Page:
Third, the article asserts that men "...will be more likely to fall ill." Perhaps that's because in a traditional setting, the woman stays home and nurses the sick children and gets the brunt of the sicknesses. In a true partnership, husband and wife take turns and therefore the husband is exposed to more "yuck".

Fourth, we hear the warning to men that "even your house will be dirtier." Well, duh! Learn to pick up after yourself, then! If you want to hire a maid, look in the yellow pages. Why is it that women must clean? Are the duties somehow attached to sex organs? You've got a vagina, so you must cook and clean. You have a penis, so go mow the lawn. Aren't we past all this silly sexual stereotyping by now?

Finally, we're cautioned that women are more likely to cheat on their husbands if they're career women. Well, of course that's true. If a woman isn't isolated at home, she will have more opportunities... just as men have always had. The key to this is that a man can no longer take his wife for granted, any more than a wife could ever take her husband for granted.

I remember reading of a book that was written in the 50s, admonishing women to make sure they are clean and pretty and attentive to all their man's needs when he got home from work at night. There is no mention of how the husband should behave.

The tables are turned, and we now have equality. It's high time that we have a book written for the neanderthals which still skulk about in our society. They need the social and marital skills which have always been expected of us women.

One more thing: I am not saying that a woman who stays at home is less than a real woman. I stayed at home with my baby for 3 1/2 years, and it was the toughest job I've ever had. But I prefer to do something other than that now, and I prefer a companion who understands and accepts that. Until I find one, I am happy to live alone.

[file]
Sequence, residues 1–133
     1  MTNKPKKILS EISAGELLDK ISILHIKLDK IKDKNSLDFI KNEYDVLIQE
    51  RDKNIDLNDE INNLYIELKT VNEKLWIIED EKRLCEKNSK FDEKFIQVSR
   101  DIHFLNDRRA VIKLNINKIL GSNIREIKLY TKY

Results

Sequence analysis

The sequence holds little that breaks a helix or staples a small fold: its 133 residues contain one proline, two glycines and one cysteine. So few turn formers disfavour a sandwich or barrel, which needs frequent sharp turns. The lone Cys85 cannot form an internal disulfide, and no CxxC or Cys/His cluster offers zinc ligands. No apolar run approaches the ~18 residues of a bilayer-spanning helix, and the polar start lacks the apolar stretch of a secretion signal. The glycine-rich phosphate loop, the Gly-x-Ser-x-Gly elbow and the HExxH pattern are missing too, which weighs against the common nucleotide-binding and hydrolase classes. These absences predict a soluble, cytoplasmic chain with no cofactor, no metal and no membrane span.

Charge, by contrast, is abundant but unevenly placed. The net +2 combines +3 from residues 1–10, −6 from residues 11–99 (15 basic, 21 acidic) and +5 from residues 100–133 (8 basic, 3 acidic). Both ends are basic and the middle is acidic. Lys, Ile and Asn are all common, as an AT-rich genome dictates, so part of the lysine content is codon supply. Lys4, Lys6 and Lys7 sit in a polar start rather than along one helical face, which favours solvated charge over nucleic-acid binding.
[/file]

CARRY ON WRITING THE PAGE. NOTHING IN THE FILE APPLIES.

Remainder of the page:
32 comments:

Tabasamu said...

ooooh! Firsties! This is another great Saur post. If you ever run for president, you've got my vote. Hell, I'll do a write-in! Saur For President!

-TC

Edge said...

I want to be in a situation where my wife has the option of staying home or working. My SIL is a SAHM. It drives her nuts sometimes, especially since she has a masters degree, but she wants to be home with her kids for a few years.

It's hard for women either way and I am the first to appreciate the situation. Somewhere in this, however, I wonder what God's design was for it and I don't want to sound preachy, but I recall woman was made to be the help-mate if literally translated. Not the "hired help" or the "helper-sex-slave", but rather an equal to share life's burdens.
~Jef

Saur♥Kraut said...